Imagine a German woman visiting a travel agency, looking for vacation ideas. As she flips through the usual glossy brochures, an agent offers her a virtual-reality (VR) headset. She slips it over her eyes and ears and, within seconds, finds herself on a skiff in the middle of British Columbia's Great Bear Rainforest.
A "wilderness guide" welcomes her and asks her to choose with a click which trip she'd prefer. One takes her on the skiff through pristine waters alive with growling Steller sea lions. She selects the second option, which guides her on a walk through a misty ancient rain forest to waterfalls. She's instantly immersed; as she looks up, down and behind herself at the landscape, she hears birdsong and drizzling rain.
Will she be inspired by The Wild Within VR Experience to explore B.C.'s wilderness in person? That's the hope of Destination B.C. The provincial corporation was the first in North America to use the new technology to market B.C.'s natural beauty to the world, says Maya Lange, vice-president of global marketing.
VR seemed ideal, Lange says, to "help bring destinations to life in a completely new way." After scouting locations, a 15-person team went to the northern Vancouver Island wilderness to capture two treks in 360 degrees. They used seven HD GoPro cameras strapped to a custom spherical rig, which was either lashed to a backpack or mounted on a hexacopter drone.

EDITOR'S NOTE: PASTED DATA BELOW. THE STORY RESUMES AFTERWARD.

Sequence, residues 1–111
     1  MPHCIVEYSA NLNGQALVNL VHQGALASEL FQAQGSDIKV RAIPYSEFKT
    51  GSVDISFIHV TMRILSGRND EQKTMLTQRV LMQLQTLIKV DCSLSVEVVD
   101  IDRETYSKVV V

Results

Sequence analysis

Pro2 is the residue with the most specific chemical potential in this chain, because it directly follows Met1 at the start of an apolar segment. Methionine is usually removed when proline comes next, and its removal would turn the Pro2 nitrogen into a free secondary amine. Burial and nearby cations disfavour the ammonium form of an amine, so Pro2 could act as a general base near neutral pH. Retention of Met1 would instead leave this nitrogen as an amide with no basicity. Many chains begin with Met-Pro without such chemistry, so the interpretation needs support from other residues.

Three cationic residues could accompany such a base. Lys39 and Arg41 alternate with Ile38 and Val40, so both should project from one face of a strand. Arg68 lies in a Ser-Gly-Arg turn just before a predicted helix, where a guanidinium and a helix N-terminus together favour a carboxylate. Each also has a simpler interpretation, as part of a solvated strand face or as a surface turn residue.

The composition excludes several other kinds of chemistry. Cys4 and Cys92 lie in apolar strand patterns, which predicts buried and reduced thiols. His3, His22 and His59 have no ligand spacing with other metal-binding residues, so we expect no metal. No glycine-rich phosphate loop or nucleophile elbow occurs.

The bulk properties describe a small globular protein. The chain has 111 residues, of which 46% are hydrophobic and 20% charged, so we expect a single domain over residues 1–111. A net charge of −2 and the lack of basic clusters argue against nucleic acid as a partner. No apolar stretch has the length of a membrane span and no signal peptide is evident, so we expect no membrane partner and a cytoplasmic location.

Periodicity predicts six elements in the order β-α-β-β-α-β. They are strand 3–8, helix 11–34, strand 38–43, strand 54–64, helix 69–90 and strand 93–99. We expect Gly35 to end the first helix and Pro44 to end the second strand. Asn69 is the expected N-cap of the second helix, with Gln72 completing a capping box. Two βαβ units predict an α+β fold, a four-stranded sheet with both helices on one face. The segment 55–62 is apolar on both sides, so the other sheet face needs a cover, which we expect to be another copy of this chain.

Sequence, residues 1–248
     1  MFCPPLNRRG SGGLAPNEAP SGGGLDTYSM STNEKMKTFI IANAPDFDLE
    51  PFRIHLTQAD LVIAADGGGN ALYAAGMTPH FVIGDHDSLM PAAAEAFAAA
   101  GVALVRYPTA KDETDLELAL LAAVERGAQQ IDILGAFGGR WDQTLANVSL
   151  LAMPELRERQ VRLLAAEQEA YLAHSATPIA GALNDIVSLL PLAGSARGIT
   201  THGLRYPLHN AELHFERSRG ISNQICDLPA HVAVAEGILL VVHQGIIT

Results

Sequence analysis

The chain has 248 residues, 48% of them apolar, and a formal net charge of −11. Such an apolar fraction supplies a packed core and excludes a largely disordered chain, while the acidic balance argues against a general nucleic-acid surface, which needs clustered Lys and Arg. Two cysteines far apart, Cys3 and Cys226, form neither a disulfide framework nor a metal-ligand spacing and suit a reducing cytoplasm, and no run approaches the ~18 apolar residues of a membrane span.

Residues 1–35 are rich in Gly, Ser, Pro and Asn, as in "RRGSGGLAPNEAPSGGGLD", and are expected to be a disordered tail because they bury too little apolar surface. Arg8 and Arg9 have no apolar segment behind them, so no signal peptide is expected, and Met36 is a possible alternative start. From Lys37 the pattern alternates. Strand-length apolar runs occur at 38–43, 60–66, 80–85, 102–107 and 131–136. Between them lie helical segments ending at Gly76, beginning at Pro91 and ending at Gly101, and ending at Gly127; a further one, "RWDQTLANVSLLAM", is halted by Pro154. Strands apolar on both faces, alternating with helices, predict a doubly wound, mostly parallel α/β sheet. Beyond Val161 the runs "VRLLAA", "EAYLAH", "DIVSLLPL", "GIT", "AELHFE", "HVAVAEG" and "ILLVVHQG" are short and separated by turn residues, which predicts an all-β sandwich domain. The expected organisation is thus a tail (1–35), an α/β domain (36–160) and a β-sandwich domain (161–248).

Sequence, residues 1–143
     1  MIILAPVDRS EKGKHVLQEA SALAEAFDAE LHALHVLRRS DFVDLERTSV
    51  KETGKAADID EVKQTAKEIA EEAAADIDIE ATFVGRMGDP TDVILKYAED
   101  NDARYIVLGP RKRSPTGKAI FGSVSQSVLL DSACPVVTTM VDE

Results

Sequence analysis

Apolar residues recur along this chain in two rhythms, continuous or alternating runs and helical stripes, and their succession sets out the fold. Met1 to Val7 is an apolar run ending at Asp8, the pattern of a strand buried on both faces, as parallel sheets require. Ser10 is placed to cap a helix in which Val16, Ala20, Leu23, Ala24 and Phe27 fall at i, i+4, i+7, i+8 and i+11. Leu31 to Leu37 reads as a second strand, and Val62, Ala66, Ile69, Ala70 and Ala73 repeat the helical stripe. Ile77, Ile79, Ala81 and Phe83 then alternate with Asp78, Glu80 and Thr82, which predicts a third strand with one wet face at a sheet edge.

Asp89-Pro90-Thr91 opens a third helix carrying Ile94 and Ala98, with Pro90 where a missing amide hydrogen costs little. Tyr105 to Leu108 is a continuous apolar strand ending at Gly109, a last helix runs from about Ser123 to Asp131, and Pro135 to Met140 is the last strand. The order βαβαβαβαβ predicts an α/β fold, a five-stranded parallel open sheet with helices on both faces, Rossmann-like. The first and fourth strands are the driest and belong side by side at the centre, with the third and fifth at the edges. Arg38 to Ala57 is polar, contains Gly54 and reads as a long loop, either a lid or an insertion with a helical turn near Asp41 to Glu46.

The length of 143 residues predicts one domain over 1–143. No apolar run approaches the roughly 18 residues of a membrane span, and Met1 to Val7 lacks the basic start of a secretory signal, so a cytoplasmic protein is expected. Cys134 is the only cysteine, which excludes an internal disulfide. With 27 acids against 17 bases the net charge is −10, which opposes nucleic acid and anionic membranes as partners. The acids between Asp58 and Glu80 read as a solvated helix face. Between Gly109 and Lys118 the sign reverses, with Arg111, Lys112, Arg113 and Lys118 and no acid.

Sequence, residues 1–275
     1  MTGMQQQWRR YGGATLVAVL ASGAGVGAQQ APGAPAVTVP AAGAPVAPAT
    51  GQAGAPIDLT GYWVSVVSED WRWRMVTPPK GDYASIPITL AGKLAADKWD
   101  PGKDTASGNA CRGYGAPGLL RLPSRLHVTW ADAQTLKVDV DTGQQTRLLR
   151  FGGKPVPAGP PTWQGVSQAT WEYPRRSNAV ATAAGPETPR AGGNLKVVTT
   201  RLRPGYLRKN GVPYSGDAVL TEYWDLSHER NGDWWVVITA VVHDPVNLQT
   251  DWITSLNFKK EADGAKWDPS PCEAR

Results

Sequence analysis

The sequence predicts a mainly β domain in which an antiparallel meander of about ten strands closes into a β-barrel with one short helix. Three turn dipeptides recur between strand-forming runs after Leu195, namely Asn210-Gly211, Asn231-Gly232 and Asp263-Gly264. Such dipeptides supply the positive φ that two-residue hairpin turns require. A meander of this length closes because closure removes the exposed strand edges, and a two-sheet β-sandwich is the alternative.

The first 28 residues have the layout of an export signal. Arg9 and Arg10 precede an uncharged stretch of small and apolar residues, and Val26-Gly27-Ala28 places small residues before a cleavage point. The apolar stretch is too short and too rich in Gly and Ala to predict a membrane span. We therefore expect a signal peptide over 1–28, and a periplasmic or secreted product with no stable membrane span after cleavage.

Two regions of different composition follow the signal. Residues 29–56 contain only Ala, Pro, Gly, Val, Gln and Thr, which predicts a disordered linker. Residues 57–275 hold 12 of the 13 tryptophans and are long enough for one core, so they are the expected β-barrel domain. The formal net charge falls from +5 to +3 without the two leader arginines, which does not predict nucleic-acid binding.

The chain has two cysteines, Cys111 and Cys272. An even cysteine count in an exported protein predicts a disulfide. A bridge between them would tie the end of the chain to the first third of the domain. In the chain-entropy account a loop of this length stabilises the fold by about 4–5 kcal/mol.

After the shoot, specialized software was used to integrate the digital video footage from the cameras' memory cards to form two seamless VR narratives.
The process cost close to $500,000, about the same as making a TV commercial, Lange says. But she says there's a stronger, more emotional connection when the viewer feels as if he or she is actually a part of the landscape.
VR started gaining traction last year when Facebook founder Mark Zuckerberg purchased pioneering firm Oculus VR for $2-billion (U.S.). Destination B.C.'s The Wild Within films were first presented using Oculus VR's Rift headsets at U.S. trade events meant to pique the interests of travel writers. It attracted unprecedented lineups and international media ink. Destination B.C.'s VR experience was then chosen by Samsung to demonstrate its own virtual-reality headset at a tech conference in Las Vegas.
Viewing options for The Wild Within are rapidly expanding as VR technology catches fire.
"In the last six months, it's become available via iPhone, Android and, most recently, Google adapted YouTube to profile 360 videos," Lange says. "So we quickly jumped on that and turned it around and have [the VR video] now on YouTube 360, so you don't even need a headset."
Destination B.C. had provided its videos and Samsung VR headsets to tour operators in Britain, Germany, Japan, China and Australia in June. When Google introduced Google Cardboard – an ingenious fold-out mount that turns a smartphone into a VR viewer – the reduced cost allowed the B.C. organization to expand its VR reach to 1,500 more key operators and buyers.
Other travel industry players are also entering the virtual space, which has been dubbed the Metaverse. Marriott Hotels uses VR to transport potential guests to a Hawaiian beach, the Andes Mountains, a Rwandan ice cream shop and the streets of Beijing. British Airways sets prospective customers atop Texas broncos, while Qantas gives some first-class passengers a dip in the Great Barrier Reef. Edmonton's Life Before Work Travel, aimed at students, jumps them off a cliff in Vietnam.
Though Destination B.C.'s use of VR has elicited some 65 million "impressions" – views of or about it by individuals – it's difficult to measure what impact the footage has had on B.C. tourism, Lange says. Nevertheless, she thinks this is the future of destination marketing.